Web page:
Adaptation to Five Metres of Sea Level Rise
AbstractThere is an unknown but probably small probability that the West‐Antarctic Ice Sheet (WAIS) will collapse because of anthropogenic climate change. A WAIS collapse could cause a 5--6 metre global sea level rise within centuries. In three case studies, we investigate the response of society to the most extreme yet not implausible scenario, a five‐metre sea level rise within a century, starting in 2030. The case studies combine a series of interviews with experts and stakeholders with a gaming workshop. In the Rhone delta, the most likely option would be retreat, with economic losses, perhaps social losses, and maybe ecological gains. In the Thames estuary, the probable outcome is less clear, but would probably be a mix of protection, accommodation and retreat, with parts of the city centre turned into a Venice of London. A massive downstream barrier is an alternative response. In the Rhine delta (the Netherlands), the initial response would be protection, followed by retreat from the economically less important parts of the country and, probably, from Amsterdam--Rotterdam metropolitan region as well. These impacts are large compared to other climate change impacts, but probably small compared to the impacts of the same scenario in other parts of the world. This suggests that the possibility of a anthropogenic‐climate‐change‐induced WAIS collapse would strengthen the case for greenhouse gas emission reduction.
Download InfoIf you experience problems downloading a file, check if you have the proper application to view it first. In case of further problems read the IDEAS help page. Note that these files are not on the IDEAS site. Please be patient as the files may be large.
Bibliographic InfoArticle provided by Taylor & Francis Journals in its journal Journal of Risk Research.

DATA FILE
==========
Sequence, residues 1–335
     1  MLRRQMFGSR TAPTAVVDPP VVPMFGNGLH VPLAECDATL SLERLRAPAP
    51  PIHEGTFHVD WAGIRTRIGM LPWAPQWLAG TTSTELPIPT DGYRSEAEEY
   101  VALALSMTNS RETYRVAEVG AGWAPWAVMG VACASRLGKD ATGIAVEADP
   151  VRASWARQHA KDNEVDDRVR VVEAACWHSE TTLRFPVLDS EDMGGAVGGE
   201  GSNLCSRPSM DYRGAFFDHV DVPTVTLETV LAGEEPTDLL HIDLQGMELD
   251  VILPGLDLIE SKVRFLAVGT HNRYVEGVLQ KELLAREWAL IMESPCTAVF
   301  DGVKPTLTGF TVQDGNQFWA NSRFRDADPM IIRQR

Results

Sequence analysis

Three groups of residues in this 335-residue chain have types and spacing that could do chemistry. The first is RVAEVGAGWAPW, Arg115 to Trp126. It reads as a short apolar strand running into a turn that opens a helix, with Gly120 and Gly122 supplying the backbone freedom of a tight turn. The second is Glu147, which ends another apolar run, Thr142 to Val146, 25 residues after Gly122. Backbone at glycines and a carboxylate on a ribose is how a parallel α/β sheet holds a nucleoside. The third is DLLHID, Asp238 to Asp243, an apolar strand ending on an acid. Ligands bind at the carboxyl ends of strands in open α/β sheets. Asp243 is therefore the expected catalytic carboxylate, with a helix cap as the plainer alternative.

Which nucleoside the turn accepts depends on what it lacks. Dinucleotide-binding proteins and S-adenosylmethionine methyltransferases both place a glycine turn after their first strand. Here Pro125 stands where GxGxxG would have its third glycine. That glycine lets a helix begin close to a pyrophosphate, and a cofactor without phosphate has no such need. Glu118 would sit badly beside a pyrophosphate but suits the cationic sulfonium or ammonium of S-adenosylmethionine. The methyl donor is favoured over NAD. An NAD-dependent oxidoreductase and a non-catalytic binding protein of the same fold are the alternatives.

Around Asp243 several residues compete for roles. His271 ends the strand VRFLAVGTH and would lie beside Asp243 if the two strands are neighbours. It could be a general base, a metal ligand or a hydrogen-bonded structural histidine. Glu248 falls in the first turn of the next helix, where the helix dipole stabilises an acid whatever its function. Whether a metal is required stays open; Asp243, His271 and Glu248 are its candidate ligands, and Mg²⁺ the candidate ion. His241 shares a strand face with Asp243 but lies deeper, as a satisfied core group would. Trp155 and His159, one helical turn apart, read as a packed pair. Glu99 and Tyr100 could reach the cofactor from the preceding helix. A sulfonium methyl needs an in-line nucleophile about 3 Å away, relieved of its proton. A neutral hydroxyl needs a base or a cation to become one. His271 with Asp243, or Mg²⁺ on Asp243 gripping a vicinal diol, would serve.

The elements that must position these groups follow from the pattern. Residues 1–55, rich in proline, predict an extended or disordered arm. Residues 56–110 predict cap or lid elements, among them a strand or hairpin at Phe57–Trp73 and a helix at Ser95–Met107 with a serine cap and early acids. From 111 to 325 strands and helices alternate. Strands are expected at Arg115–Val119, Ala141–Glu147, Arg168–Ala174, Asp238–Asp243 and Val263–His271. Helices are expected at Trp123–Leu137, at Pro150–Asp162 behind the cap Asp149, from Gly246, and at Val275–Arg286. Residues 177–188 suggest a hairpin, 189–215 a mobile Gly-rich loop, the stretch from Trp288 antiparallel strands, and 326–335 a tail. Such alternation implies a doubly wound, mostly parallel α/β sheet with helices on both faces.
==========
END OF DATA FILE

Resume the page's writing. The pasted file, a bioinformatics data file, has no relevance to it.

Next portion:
Volume (Year): 9 (2006)
Issue (Month): 5 (July)
Contact details of provider:
Web page: http://www.tandfonline.com/RJRR20
You can help add them by filling out this form.
CitEc Project, subscribe to its RSS feed for this item.
- Zeckhauser, Richard J. & Toman, Michael & Rostapshova, Olga & Kousky, Carolyn, 2009.
"Responding to Threats of Climate Change Mega-Catastrophes,"
- Kousky, Carolyn & Rostapshova, Olga & Toman, Michael & Zeckhauser, Richard, 2009. "Responding to threats of climate change mega-catastrophes," Policy Research Working Paper Series 5127, The World Bank.
- Kousky, Carolyn & Rostapshova, Olga & Toman, Michael & Zeckhauser, Richard, 2010. "Responding to Threats of Climate Change Mega-Catastrophes," Working Paper Series rwp10-008, Harvard University, John F. Kennedy School of Government.
- Kousky, Carolyn & Rostapshova, Olga V & Toman, Michael & Zeckhauser, Richard Jay, 2010. "Responding to Threats of Climate Change Mega-Catastrophes," Scholarly Articles 4454155, Harvard Kennedy School of Government.
- Kousky, Carolyn & Rostapshova, Olga & Toman, Michael & Zeckhauser, Richard, 2009. "Responding to Threats of Climate Change Mega-Catastrophes," Discussion Papers dp-09-45, Resources For the Future.
- Martina Linnenluecke & Andrew Griffiths, 2012. "Assessing organizational resilience to climate and weather extremes: complexities and methodological pathways," Climatic Change, Springer, vol. 113(3), pages 933-947, August.
For technical questions regarding this item, or to correct its authors, title, abstract, bibliographic or download information, contact: (Michael McNulty).
If references are entirely missing, you can add them using this form.